Paul M. Fitzgerald
President and chief executive officer
Factory Mutual Research Corp.
To the Editor:
The article “Cleanroom fire-safety debate heats up” by John Haystead, which appeared in the April 1998 issue (CleanRooms, page 1), was informative and balanced. However, I would like to clarify Factory Mutual`s position and approach to cleanroom fire safety, and comment on some of the issues raised:
The Fire Propagation Index or FPI (mistakenly referred to in the article as the Fire Protection Index) represents the rate at which material becomes involved in a fire. A material with an FPI of 6 or less will not propagate a fire beyond the ignition zone.
The recent severe loss experience in Asia was cited as being the driver of Factory Mutual`s approach. In fact, the fundamental research initiative that led to the development of performance measures such as the FPI began in 1985. Concern over the cleanroom environment was one of the major reasons for undertaking this initiative even back then. More recently in 1994, because of U.S. loss history and loss potentials, we became even more concerned about cleanrooms. The more recent Asian experience just confirms that these concerns were justified.
We share the industry`s concerns about the process compatibility of materials meeting the 4910 FM criteria. To address this, Factory Mutual Research Corp. (FMRC) and SEMATECH have initiated a combined project to develop comparable indices for leaching, outgassing and chemical resistance. It is expected that the results of this joint project will provide further guidance of their acceptability and use.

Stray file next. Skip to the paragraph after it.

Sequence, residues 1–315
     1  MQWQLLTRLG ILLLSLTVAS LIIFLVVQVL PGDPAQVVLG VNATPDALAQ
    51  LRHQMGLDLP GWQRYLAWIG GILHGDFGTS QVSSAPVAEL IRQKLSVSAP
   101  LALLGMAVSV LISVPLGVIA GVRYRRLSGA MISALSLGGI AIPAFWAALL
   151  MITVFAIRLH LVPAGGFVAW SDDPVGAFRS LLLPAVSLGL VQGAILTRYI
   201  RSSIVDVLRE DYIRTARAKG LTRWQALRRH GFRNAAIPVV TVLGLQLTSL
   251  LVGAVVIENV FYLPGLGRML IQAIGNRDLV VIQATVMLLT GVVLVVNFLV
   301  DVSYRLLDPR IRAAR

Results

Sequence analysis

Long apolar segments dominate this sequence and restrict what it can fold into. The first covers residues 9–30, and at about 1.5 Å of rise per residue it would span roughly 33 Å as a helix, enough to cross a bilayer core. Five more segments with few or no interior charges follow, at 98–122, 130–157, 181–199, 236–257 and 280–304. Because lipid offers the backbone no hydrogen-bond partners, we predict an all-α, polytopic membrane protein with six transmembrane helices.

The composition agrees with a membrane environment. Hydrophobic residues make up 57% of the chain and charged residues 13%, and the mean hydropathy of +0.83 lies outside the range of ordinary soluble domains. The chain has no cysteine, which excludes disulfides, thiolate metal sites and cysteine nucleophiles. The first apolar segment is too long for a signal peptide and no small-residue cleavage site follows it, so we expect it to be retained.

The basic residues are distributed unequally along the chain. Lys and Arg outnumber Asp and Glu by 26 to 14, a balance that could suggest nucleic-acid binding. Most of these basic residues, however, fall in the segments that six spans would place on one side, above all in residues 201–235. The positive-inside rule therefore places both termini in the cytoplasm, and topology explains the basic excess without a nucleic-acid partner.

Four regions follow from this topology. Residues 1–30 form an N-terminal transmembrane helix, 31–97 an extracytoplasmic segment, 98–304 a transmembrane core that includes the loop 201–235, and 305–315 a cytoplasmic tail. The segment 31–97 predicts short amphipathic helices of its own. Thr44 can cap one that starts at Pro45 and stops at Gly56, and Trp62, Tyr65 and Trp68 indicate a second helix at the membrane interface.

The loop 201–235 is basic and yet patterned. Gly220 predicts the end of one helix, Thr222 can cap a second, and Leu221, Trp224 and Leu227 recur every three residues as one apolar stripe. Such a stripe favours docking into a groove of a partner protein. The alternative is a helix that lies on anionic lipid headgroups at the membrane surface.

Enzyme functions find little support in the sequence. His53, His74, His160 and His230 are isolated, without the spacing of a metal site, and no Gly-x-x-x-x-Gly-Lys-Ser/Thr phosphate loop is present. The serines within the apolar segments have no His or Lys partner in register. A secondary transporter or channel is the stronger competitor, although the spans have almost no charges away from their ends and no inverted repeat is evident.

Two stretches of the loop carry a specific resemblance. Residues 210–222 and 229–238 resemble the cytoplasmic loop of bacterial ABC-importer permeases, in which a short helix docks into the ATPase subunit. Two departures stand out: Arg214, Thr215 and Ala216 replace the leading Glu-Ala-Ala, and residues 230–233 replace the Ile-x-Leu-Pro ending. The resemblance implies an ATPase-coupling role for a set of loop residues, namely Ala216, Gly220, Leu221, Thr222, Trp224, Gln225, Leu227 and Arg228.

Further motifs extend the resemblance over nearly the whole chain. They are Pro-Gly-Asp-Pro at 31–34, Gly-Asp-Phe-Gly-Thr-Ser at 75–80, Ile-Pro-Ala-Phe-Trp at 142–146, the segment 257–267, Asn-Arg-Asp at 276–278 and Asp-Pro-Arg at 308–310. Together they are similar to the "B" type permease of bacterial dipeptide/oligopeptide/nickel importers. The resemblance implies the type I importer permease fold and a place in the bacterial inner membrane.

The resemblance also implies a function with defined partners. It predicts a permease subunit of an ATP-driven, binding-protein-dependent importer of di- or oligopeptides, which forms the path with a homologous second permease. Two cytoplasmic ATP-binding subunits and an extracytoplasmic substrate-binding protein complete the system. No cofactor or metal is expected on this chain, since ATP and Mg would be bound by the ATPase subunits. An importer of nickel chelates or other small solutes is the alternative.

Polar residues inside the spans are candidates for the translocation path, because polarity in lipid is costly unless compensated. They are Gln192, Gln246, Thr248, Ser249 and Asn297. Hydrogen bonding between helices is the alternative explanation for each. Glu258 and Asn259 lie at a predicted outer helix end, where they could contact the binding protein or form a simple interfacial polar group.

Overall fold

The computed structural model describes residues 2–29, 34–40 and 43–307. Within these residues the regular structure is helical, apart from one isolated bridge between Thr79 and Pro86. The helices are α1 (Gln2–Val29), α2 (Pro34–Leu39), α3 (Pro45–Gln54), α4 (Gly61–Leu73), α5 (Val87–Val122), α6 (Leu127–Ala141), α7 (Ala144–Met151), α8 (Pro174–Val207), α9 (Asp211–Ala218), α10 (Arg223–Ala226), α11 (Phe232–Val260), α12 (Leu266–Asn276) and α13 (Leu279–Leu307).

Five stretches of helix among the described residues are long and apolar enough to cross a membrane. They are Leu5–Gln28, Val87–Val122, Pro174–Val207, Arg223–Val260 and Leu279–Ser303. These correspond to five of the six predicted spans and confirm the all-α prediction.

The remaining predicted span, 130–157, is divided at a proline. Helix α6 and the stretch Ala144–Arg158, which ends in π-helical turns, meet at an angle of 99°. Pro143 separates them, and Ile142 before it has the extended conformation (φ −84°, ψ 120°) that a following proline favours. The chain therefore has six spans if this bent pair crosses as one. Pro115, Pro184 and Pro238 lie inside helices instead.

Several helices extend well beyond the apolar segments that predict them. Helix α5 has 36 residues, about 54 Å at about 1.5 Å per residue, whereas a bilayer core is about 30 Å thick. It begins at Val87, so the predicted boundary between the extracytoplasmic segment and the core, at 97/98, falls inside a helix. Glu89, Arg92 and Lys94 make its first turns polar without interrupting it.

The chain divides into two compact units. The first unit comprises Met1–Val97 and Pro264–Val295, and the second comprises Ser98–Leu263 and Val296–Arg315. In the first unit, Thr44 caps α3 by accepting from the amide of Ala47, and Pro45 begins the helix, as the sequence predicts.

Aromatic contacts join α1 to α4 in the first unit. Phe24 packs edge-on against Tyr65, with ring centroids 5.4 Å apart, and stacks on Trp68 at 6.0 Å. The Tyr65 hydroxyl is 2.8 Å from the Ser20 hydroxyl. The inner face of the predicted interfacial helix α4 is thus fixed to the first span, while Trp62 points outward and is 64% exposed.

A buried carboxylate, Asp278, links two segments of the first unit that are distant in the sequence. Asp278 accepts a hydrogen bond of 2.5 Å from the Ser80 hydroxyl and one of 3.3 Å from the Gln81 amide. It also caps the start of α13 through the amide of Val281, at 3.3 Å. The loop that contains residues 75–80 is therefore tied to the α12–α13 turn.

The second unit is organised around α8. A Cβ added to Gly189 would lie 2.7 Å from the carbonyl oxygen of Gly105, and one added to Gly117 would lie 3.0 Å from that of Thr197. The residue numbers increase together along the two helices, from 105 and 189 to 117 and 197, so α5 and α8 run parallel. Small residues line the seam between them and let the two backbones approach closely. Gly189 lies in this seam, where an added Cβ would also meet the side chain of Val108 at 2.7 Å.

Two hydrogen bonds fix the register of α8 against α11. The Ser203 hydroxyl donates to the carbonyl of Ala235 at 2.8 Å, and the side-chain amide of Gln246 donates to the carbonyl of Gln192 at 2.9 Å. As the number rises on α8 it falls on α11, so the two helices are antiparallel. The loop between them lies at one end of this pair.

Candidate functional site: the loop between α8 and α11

The article commented that these new materials cost up to five times more than ordinary materials. A recent cost analysis by a manufacturer, however, concluded that these new materials would comprise a maximum increase of about 4 percent of the cost of a fully automated wet bench. Thus, the use of these high-performance materials would have a very minor impact on the overall cost of a tool.
Questions were raised on the repeatability of results from the test apparatus we use. During its early stages, we experienced some setbacks in replicating our original instrument. These setbacks were overcome and today, we have two instruments that provide consistent, repeatable results.
The portrayal of Factory Mutual`s recommendations on the use of fire suppression systems was not clear. First we have always recommended that wet benches and other processing tools be constructed of non-combustible materials. The use of fire suppression systems is a less desirable alternative because of the potential for a large fire with greater resultant damage occurring. Second, our objective in developing materials that meet our 4910 test criteria was aimed at providing the industry with an alternate to providing suppression systems. These materials provide nearly all of the advantages of non-combustible materials, while retaining the process and cost advantages of the combustible materials currently used in this sensitive, dynamic occupancy.
Finally, we welcome other testing laboratories to adopt the 4910 Standard for testing these materials. We have submitted the standard and apparatus for public recognition. We are finalizing negotiations with a manufacturer to produce the apparatus. Copies of the 4910 Standard are available to the public by contacting the FMRC Technical Information Center.